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Draft Standards Available for Public Review

ESTA's Technical Standards Program announced four draft standards that are now available for public review. All can be accessed here.

BSR E1.31-200x, Entertainment Technology DSP DMX512-A Streaming Protocol will be available for review through March 19. BSR E1.22, Entertainment Technology - Fire Safety Curtain Systems; BSR E1.35-200x, Standard for Lens Quality Measurements for Pattern Projecting Luminaires Intended for Entertainment Use; and BSR E1.36-200x, Model Procedure for Permitting the Use of Tungsten-Halogen Incandescent Lamps and Stage and Studio Luminaires in Vendor Exhibit Booths in Convention and Trade Show Exhibition Halls will be available through March 12.

BSR E1.31- 200x is a simple protocol that offers functionality comparable to existing DMX512 over Ethernet protocols but with the advantages of compatibility with ANSI E1.17-2006 and easy implementation on managed networks. Device Management Protocol over Session Data Transport, borrowed from the ANSI E1.17 protocol suite, provides a mechanism for streaming DMX-type data intermixed with random access data and high-speed feedback in a flexible and scalable way.

BSR E1.22 describes the materials, fabrication, installation, operation, testing, and maintenance of fire safety curtains and fire safety curtain systems used for theatre proscenium opening protection. Instead of outlining what kind of fabric to use for a fire safety curtain, for example, but tells how strong fabric must be and what abrasion and fire tests it must pass.

BSR E1.35-200x describes a method for measuring stage and studio luminaire lens quality with particular emphasis on contrast and perceived image quality (sharpness). It also offers a way for presenting these results on a datasheet in a format readily understood by a typical end-user and allows the end-user to directly compare lenses in a meaningful way. There is currently no way to describe how clearly a stage lighting instrument projects an image other than by demonstration. Standards exist for projection lenses, but these are not applicable to the lower quality lenses used on stage and studio luminaires.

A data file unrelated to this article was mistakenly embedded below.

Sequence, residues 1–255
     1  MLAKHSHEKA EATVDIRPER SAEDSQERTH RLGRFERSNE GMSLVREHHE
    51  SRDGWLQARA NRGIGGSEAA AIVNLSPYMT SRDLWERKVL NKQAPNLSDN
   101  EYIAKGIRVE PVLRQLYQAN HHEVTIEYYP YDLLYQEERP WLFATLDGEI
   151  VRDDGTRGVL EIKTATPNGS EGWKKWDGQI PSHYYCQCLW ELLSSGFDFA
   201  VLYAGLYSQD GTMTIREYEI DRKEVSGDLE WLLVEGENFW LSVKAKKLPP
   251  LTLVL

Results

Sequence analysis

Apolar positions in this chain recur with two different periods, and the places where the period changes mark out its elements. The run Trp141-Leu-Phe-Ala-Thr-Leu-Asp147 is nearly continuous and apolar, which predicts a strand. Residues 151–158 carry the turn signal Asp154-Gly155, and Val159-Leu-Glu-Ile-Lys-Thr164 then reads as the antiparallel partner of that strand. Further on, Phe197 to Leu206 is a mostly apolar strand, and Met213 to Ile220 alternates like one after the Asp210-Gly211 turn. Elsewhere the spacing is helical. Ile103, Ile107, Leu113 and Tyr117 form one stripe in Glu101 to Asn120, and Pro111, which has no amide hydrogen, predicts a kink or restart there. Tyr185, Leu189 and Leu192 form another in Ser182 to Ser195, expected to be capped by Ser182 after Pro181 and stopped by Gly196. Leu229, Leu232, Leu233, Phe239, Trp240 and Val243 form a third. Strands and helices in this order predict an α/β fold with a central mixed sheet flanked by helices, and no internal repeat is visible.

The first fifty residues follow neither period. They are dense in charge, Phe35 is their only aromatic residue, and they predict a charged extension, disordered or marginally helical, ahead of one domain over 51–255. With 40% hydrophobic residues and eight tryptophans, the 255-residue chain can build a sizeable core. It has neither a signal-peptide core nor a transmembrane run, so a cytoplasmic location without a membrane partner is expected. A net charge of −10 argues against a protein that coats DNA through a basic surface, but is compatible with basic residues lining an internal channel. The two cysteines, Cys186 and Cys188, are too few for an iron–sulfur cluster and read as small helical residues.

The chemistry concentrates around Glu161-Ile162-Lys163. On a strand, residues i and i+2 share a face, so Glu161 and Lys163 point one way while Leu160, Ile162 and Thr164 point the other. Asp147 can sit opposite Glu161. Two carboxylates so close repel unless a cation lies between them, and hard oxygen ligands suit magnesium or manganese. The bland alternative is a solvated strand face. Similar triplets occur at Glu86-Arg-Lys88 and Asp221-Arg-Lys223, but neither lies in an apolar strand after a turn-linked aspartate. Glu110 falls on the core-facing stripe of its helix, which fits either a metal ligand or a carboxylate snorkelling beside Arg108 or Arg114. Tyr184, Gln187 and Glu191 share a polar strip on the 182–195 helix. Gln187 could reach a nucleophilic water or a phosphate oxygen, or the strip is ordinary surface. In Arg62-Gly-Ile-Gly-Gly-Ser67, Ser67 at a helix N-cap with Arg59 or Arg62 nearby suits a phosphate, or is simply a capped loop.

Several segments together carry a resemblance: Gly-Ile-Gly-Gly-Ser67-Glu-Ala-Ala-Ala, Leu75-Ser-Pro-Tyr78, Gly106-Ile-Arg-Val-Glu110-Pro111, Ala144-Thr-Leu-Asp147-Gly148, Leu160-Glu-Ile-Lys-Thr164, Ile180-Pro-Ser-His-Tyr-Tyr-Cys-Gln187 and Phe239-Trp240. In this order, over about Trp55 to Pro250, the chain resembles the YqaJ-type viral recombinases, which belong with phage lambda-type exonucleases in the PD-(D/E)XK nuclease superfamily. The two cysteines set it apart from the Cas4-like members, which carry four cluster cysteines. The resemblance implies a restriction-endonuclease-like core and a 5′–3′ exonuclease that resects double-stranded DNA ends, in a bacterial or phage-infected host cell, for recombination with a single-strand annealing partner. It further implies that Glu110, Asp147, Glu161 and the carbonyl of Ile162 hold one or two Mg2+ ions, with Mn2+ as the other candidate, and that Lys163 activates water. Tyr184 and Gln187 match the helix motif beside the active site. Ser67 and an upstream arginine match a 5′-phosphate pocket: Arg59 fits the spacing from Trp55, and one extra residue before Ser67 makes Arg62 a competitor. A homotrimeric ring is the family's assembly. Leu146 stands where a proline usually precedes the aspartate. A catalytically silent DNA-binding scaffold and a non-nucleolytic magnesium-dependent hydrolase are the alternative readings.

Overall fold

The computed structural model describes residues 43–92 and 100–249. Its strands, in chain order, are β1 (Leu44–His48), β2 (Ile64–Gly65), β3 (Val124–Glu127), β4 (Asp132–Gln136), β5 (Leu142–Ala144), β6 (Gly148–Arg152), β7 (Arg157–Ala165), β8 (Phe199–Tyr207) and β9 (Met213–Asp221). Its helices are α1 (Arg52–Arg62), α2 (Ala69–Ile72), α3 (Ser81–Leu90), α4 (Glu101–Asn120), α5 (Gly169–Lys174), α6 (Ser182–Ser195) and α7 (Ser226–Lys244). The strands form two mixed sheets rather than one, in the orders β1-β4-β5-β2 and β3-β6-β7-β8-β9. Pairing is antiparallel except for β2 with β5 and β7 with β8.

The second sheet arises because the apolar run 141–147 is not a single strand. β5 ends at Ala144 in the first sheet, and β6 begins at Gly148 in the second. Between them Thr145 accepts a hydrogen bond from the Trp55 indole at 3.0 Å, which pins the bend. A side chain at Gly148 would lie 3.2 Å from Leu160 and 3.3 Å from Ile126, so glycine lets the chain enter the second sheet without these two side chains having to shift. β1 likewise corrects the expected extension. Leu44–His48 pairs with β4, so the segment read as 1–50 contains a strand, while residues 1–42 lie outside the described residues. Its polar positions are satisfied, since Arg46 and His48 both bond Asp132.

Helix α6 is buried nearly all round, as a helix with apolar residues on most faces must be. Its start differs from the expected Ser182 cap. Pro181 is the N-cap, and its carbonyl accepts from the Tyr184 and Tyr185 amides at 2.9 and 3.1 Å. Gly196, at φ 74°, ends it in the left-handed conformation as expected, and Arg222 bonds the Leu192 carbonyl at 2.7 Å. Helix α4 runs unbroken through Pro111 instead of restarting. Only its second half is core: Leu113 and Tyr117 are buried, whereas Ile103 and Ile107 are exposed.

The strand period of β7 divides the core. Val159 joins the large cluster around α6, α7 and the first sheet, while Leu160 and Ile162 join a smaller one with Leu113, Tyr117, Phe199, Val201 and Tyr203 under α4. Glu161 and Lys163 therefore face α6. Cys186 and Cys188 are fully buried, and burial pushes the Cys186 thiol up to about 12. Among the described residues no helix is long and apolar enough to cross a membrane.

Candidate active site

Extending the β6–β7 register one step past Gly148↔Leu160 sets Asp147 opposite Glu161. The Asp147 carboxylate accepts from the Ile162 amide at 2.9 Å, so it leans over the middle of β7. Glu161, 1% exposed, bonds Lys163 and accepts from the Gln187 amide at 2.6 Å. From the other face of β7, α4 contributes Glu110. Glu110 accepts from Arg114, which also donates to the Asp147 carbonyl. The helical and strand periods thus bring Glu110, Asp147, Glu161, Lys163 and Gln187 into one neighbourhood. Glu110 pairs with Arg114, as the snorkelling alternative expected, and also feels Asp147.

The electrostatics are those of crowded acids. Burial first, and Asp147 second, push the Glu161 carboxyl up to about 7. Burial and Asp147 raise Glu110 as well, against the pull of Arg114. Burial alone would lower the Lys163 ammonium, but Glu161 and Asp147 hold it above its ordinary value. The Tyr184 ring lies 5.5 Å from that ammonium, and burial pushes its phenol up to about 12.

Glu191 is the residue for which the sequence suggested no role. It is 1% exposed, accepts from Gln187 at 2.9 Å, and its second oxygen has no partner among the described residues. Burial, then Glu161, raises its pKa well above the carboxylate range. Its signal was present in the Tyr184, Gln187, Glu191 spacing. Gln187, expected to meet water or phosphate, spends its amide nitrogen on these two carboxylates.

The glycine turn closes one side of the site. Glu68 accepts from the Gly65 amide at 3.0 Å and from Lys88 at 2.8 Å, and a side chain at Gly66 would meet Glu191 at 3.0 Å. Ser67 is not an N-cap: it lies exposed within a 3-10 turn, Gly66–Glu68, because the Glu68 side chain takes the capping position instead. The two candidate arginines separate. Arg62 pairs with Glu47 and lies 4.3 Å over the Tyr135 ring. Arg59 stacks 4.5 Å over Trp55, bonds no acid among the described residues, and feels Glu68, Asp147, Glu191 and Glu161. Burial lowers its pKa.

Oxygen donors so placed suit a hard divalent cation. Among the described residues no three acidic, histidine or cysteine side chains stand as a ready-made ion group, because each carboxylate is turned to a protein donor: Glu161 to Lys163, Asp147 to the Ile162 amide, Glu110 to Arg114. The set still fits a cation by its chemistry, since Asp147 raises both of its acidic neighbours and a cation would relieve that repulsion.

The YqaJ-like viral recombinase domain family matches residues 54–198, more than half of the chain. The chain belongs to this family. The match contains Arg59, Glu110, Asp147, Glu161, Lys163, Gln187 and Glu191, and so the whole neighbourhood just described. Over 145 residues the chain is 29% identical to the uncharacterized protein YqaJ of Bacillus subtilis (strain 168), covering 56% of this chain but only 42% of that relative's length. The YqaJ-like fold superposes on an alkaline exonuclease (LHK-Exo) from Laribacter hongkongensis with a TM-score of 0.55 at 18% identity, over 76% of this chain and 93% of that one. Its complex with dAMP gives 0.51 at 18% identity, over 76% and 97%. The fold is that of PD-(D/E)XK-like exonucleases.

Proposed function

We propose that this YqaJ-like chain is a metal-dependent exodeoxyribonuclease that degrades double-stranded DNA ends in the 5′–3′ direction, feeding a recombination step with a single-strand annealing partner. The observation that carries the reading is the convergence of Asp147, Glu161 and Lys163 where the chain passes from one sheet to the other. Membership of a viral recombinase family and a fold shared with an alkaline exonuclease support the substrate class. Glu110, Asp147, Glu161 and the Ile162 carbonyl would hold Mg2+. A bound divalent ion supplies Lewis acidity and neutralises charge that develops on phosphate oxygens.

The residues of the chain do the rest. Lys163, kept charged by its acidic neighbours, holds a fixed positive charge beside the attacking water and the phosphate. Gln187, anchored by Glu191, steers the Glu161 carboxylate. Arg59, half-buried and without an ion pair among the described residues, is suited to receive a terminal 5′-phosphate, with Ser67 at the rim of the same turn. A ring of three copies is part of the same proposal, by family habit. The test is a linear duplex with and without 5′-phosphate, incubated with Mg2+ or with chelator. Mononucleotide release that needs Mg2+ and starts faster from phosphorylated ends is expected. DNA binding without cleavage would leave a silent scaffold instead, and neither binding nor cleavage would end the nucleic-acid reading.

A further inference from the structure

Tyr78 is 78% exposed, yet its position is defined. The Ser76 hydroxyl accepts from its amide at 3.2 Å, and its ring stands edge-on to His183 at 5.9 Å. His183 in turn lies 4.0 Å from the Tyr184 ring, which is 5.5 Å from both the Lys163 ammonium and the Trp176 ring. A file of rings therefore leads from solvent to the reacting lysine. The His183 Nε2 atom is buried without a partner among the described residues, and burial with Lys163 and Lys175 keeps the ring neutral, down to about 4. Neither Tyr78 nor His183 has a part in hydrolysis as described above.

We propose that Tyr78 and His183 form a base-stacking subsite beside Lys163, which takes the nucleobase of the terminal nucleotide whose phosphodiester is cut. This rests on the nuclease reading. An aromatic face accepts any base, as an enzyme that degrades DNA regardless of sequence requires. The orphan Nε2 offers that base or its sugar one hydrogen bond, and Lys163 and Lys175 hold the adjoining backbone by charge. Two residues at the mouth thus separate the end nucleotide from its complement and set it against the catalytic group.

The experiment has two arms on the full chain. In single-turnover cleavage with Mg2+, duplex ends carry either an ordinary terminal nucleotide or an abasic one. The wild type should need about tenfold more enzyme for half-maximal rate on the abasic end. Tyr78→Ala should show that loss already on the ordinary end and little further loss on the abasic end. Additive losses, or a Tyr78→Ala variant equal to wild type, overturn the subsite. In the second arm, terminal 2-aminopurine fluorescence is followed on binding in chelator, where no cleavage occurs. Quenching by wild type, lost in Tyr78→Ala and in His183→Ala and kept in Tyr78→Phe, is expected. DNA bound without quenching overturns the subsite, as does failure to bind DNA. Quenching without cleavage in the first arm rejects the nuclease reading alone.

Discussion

BSR E1.36-200x is a model set of procedures that can be used by convention center and trade show exhibition hall staff to mitigate risks associated with the use of tungsten-halogen lamps and stage and studio luminaires and to allow their use. There is no evidence that tungsten-halogen lamps used in Listed luminaires or that Listed stage and studio luminaires present any greater risk, as they are used in exhibition halls, than any other light source or type of luminaire in those venues, but the management staff of at least one major convention center in the United States believe they have elevated risks. They have moved to prohibit or limit the use of this equipment by exhibitors, but the restrictions are inconsistently enforced, largely because there is no clear procedure to decide when their use is acceptable or not. This draft standard offers a model procedure to permit or prohibit the use of tungsten-halogen lamps and stage and studio luminaires, and helps promote the use of the lamps and luminaires in a safe manner.

In addition to being asked to review the document to see if it offers adequate and correct advice, reviewers are asked to look for protected intellectual property in the draft standards. ESTA does not warrant that its standards contain no protected intellectual property, but it also does not intend to adopt any standard that requires the use of protected intellectual property unless that property is necessary for technical reasons and can be licensed and used by anyone without prejudice or preference for a reasonable fee. Any protected intellectual property in the document should be pointed out in the public review comments.

For more information, contact Karl G. Ruling, technical standards manager, ESTA, 875 Sixth Avenue, Suite 1005, New York, NY 10001; 1-212-244-1505; fax 1-212-244-1502; or